Exposure Compensation is another great tool to break your dependency on the automatic flash for lighting! Exposure is the term used to describe how bright or dark the outcome of your photo is.
Your camera guesses the exposure of your photo by metering the light in various areas of your photograph, but sometimes it guesses incorrectly.
For example, think of a person sitting in front of a dark background. The camera might see all those dark colors and try to make them properly lit (or "exposed"), but at that same exposure the person might look too bright, or overexposed. On the other side of the spectrum, if you are photographing a person in front of a very bright background, like a sunny sky, the camera might see the bright light and properly exposed it, but your subject will end up underexposed, or too dark at that same exposure setting.
Exposure compensation is how you correct for improper exposure. It's scale that uses (+) or (-) values. Moving the exposure to a positive value will brighten your image, and moving it to a negative value will darken your image.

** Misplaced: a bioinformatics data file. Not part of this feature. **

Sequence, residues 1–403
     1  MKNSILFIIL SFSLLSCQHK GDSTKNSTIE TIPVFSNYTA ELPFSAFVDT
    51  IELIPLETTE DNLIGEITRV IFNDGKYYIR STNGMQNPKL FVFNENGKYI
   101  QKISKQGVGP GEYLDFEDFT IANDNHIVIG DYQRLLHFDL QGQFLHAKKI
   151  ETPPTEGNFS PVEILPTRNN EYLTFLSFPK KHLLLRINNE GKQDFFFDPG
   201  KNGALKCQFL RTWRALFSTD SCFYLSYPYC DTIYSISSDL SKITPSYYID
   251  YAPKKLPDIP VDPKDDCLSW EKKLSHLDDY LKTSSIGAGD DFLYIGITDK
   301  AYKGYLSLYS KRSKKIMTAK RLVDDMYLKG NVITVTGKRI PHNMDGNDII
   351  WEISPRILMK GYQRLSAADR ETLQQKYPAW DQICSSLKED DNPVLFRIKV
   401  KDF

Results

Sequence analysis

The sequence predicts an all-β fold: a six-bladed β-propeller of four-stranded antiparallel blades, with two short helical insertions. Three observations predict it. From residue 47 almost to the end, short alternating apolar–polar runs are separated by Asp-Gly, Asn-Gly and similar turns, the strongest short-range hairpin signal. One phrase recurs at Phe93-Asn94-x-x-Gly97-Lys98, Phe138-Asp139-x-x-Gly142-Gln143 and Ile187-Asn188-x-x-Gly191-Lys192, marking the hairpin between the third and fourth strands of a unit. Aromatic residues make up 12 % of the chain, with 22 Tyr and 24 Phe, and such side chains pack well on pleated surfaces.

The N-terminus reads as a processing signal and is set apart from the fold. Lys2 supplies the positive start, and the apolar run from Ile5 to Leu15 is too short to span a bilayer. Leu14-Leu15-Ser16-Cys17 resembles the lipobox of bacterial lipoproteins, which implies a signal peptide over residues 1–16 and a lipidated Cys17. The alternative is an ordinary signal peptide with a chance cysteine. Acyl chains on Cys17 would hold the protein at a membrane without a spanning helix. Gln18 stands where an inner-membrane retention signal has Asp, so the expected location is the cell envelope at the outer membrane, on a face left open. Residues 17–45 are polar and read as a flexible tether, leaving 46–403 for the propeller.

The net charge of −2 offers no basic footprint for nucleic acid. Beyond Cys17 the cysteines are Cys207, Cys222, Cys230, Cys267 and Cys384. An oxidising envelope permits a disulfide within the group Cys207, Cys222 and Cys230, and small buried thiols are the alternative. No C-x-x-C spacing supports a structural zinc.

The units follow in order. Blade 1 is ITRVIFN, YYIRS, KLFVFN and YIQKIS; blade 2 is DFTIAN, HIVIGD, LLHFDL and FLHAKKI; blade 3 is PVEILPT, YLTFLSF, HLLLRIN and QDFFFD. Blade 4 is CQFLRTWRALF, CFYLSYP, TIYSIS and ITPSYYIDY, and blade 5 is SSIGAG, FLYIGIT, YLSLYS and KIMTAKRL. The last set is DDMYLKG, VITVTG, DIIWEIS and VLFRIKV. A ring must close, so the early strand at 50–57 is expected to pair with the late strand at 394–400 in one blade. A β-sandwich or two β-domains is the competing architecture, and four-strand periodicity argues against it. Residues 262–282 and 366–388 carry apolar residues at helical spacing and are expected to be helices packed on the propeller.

Simply put, metering tells the camera how much light there is in the scene so it can correctly expose the image. There are three settings your camera generally uses to "read" the light in the scene: center weighted, spot and the default, matrix metering.
Center-weighted metering: The camera "weighs" the center of a photo and considers it more heavily when making it's "decision" on how to properly expose the image.
- Center-weighted metering is the best to use for portrait photography, because it will guarantee that your subject is correctly exposed without heavily considering the background. Meaning, it will draw attention to your subject, not the background. You would center-weighted metering when it is important to get the exposure of your subject correct, rather than the background.
Spot metering: Like center weighted metering, the camera uses the center of a photo to measure the light to determine the correct exposure. The difference with spot metering is that it uses a smaller area to make the determination.
- Spot metering is good to use when your subject is significantly darker or lighter than its surroundings.
Matrix metering: The camera looks at how the light is distributed throughout the scene, and reads the light and dark zones to try and balance the exposure in the image. Matrix metering usually does a pretty good job, but occasionally will get it completely wrong and is unpredictable.
- Matrix metering is good for scenes that are evenly lit and times when you need to capture shots quickly